I am doing affiliate marketing since 2012, and I have shifted my life from being a middle-class poor guy to a world-class traveller.
This one industry has given me so much that I cannot thank enough.
Back in those days (2012-2014), I was doing affiliate marketing with SEO tools, hosting, Plugins etc. but soon I was introduced with the CPA industry.
So I made my mind to fly to Bangkok, Thailand to attend Affiliate Word Asia in 2015.
There I met Ricky Ahuja for the first time in person (we were already connected on social media since a long time).
Such a different style, different confidence level and always willing to share his best strategies to help you make money in CPA industry.
So I interviewed him at BloggingCage.
He has always some amazing tips to share with you which can take your business to next level. So rather than doing to a private conversation, we decided that we are going to publish one more interview with him at BloggingCage where he is going to give some real tips to new affiliate marketers.
This interview will give you tips from his 19+ years experience in the industry and teach you how can you implement those tips in your life to achieve big results.
Without any further ado, let's start the question answers fire session.
#1. I still remember the day when we met first time during AWA 2015 in Bangkok. How the things have been changed so far?
Oh wow – so much has changed since then, where do I start? Have spearheaded the merger of Affiliate Crossing (a leading mainstream network) with Nutryst (a leading Nutra network) into a leading brand: AC Nutryst.
Also working with Gotham Club to build a leading “adult” network and Offer Island – an all exclusive straight sale health products. Not to mention the investment/JV arm of Focus Squared.
#2. How this all started back in those golden days and what was your big success to move forward?
This all started in 1998 kind of by mistake. I used to own an internet cafe in Chicago and one of my regular customers who own a stock trading firm was complaining how a local SEO firm had done shit for them and they paid in excess of $100K to get that done.
Not having a clue what SEO was – I said, pay me half and I will guarantee top page rankings in less than 4 months. The next day he wrote me a check for 50K and I posted a project on Elance. Found a firm in Jaipur (who still does work for me 20 years later) who did it for $2000. So a $48K net profit – for 4 months work.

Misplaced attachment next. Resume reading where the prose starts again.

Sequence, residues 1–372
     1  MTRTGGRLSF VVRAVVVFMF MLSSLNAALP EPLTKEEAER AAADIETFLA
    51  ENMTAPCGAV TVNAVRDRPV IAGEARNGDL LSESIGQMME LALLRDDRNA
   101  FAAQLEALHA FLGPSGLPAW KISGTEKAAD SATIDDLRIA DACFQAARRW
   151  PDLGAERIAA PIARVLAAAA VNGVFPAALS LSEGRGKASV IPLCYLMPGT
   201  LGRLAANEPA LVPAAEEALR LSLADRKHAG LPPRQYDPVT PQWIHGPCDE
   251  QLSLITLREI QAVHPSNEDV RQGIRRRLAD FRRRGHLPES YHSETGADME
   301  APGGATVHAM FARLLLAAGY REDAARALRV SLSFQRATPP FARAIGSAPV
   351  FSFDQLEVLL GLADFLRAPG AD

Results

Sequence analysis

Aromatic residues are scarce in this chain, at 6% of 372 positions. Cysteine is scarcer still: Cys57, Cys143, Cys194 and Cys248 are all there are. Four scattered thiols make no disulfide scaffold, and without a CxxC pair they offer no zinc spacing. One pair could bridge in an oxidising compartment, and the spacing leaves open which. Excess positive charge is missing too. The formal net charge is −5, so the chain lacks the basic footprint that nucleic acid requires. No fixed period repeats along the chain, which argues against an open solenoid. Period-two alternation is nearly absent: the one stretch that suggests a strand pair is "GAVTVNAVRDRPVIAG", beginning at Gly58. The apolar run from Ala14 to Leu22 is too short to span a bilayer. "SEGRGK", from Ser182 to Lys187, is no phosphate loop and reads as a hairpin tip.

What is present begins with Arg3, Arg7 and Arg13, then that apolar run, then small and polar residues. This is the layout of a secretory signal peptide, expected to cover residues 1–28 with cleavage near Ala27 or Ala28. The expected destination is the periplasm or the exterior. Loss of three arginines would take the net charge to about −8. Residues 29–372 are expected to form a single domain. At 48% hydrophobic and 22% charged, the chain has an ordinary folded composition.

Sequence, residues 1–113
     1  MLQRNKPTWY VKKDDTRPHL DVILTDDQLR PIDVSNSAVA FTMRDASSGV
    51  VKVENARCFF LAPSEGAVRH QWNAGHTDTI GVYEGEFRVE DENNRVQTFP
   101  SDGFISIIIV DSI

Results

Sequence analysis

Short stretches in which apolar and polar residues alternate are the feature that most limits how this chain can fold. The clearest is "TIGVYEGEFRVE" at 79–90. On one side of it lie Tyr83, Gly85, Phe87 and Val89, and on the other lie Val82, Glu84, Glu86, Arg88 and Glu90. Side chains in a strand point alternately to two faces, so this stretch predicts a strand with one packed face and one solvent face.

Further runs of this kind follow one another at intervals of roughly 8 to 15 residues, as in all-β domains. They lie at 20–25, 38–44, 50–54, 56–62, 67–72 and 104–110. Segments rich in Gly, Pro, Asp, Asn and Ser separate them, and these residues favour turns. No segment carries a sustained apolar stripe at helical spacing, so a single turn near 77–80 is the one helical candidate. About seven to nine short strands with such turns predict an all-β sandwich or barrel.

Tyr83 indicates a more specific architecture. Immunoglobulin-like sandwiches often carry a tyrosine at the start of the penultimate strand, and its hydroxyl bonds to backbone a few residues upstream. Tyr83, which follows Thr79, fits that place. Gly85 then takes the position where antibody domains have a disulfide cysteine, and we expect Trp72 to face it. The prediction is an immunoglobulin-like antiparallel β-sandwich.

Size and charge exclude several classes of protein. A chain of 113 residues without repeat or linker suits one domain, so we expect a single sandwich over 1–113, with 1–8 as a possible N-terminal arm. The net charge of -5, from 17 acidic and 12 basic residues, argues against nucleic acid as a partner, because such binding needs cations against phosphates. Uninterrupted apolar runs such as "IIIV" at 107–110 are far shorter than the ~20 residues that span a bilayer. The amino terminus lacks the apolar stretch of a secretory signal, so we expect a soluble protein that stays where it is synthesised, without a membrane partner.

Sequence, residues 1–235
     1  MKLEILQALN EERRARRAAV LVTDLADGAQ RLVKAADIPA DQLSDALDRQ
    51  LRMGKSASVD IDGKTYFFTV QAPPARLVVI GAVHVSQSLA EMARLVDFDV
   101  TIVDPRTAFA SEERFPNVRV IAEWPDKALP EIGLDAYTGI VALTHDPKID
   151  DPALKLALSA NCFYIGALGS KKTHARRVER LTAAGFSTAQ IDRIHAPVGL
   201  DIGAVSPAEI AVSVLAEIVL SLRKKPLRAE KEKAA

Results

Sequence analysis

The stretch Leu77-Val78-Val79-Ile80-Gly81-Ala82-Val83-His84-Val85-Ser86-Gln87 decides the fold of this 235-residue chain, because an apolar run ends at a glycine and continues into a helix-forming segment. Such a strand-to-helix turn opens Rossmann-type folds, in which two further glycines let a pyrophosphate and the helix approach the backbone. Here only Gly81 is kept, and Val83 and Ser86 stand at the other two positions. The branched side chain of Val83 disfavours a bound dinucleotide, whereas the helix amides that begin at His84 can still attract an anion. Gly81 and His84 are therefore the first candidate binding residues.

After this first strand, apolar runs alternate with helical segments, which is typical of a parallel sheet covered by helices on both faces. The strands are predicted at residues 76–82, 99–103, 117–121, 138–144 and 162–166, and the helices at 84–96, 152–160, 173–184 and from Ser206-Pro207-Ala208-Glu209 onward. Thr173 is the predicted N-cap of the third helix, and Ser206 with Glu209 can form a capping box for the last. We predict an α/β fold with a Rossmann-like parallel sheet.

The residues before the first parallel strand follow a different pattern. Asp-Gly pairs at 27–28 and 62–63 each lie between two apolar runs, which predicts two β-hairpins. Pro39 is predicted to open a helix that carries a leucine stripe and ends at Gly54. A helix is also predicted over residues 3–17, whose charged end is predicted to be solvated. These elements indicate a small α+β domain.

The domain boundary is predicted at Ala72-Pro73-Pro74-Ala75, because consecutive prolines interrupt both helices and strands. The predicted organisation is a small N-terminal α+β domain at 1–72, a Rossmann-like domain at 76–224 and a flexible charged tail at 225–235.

Not a bad ROI.
#3. Online marketing is all about experiments where your best creatives might give you poor ROI where the ugliest one can do 1000% ROI. What according to you is making people click on ugly ads, as compared to the professional ones?
It is not so much about the ugliest or the best as that is quite subjective. It is all about getting attention at the right time and being able to replicate that over and over again until you are able to scale effectively.
Remember – beauty is in the eye of the beholder.
#4. In 2015 (when we met), you had a network AffiliateCrossing, which was focused on mainstream ads. But recently you acquired Nutryst from John Cresteni. How this all started, what made you buy that network, what were the challenges and how are the things right now?
Great memory – however, Affiliate Crossing was a mainstream network and Nutryst was a Nutra network. The operational savvy of AC mixed with the reputation and biz dev awesomeness of Nutryst just made sense so I had to pull the trigger.
Haven’t looked back since. However – in 2015 I was heading the buildout of Click Syndicate which has since been replaced with Gotham Offers which has some of the highest paying campaigns in the industry.
#5. If someone is looking forward to buy some online properties, what are the things anyone must keep in mind while buying such properties?
Funny you should ask that, I actually wrote an article for Feed Front Magazine covering this question specifically and that can be found here: http://feedfront.com/archives/article0010245
#6. Trends are changing after every 2 years. What verticals according to you are going to work in 2018, and which traffic sources are going to dominate in 2018?